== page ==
By BARIN KAYAOĞLU
March 27, 2011
Barely ten days ago, Turkish Prime Minister Recep Tayyip Erdoğan had objected to a NATO intervention in Libya. Part of Mr. Erdoğan’s criticism sprung from his belief that, in moving the international community to intervene in Libya, France wanted to get its hands on the North African nation’s oil and natural gas. The Turkish Prime Minister was so angry that he recited a very anti-Western part of the Turkish national anthem (“Civilization is but a one-tooth monster”).
And then, on March 23, Ankara decided to send five warships and a submarine to the Libyan coast to enforce the arms embargo against Muammar Qaddafi. Two days later, Turkey agreed to let the North Atlantic Treaty Organization (NATO) take over command once U.S. forces conclude their operations in Libya.
What explains this sudden change in the Turkish stance? More important, after Westerners have worried about Turkey’s “Eastern shift” in the past few years, is Ankara finally “heading back” West?
Yes and no.
To be sure, Turkish naval forces enforcing the international embargo against Qaddafi is very different than the Turkish Air Force attacking Qaddafi’s armies and/or defending the rebels with other NATO allies.
But not only is the seeming shift in Ankara’s Libyan policy consistent with recent trends in Turkish foreign policy, it is also a testament to the country’s Western character.
A year and a half ago, the Turkish minister of foreign trade had mentioned the Libyan government’s interest in investing $100 billion abroad and had hoped that Turkey would get a substantial portion of that money. One source indicates that Turkish construction projects initiated in Libya within the past two years alone are close to $8 billion. Another report estimates that Turkey will invest €35 billion in Libya’s infrastructure over the next ten years.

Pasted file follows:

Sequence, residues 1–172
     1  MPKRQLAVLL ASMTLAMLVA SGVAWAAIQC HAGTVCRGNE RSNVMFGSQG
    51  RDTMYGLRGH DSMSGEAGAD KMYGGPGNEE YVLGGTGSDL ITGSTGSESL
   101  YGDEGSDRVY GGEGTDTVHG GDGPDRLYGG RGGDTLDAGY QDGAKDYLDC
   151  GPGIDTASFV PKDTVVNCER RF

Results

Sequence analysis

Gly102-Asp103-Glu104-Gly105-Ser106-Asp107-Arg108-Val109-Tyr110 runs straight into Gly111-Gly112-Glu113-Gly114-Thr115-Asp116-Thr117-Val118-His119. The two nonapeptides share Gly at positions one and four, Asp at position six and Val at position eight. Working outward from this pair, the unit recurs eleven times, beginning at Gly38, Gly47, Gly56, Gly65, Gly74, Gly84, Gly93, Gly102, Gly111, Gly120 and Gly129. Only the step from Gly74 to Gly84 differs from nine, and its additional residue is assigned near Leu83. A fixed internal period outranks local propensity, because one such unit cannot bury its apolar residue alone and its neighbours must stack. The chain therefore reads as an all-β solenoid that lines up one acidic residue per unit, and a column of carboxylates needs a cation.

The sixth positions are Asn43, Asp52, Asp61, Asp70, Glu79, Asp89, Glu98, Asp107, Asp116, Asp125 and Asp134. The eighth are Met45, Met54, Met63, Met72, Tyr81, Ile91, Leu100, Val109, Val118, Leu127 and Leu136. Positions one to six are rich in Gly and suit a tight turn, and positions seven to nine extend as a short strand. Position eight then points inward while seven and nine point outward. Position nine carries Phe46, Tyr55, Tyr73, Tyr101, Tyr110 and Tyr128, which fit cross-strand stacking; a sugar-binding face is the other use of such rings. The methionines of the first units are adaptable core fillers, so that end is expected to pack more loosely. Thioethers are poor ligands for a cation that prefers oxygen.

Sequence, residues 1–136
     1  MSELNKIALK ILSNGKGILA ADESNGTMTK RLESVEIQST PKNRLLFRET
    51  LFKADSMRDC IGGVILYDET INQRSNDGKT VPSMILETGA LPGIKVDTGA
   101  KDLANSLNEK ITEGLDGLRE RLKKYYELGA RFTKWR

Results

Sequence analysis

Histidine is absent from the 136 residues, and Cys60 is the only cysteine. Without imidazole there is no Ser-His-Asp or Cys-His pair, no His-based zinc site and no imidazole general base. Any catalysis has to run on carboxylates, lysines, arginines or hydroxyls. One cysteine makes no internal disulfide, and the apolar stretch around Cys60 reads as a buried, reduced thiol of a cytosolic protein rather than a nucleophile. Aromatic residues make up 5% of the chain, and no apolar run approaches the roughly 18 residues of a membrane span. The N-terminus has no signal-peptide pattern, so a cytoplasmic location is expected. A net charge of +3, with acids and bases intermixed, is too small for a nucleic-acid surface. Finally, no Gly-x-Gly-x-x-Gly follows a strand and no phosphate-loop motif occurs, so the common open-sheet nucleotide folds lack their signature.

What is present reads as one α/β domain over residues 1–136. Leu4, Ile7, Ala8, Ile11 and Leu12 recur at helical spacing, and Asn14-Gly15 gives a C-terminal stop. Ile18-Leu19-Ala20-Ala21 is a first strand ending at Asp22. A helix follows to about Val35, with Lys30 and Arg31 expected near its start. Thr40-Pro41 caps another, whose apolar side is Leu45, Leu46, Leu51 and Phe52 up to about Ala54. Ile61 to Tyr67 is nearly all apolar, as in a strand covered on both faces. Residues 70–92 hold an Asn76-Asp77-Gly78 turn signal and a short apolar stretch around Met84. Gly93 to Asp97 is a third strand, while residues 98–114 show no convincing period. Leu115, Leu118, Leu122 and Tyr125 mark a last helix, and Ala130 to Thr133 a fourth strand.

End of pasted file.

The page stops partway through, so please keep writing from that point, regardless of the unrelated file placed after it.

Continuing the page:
That is precisely the indication for Turkey’s “Westernness” – pursuing economic ends with political means.
And it’s an ironic twist: Turks, just like other nations in the developing world, regularly blame developed countries (with some justification) for manipulating political troubles in developing countries in order to “exploit” them. Although I don’t think that statement explains recent events in the Middle East and North Africa, it is certainly true that, in the contest between political ideals and economic needs, many Western countries frequently choose the latter over the former. Most of the time, they mix both.
Turkey may or may not be “moving East.” Its foreign policy axis may or may not be “shifting.” But in the final analysis, Turkey’s Western commitments still matter – especially as Turkey acts very “Western” these days.
Barın Kayaoğlu is a Ph.D. candidate in history at The University of Virginia. He welcomes all comments, questions, and exchanges. To contact him, click here.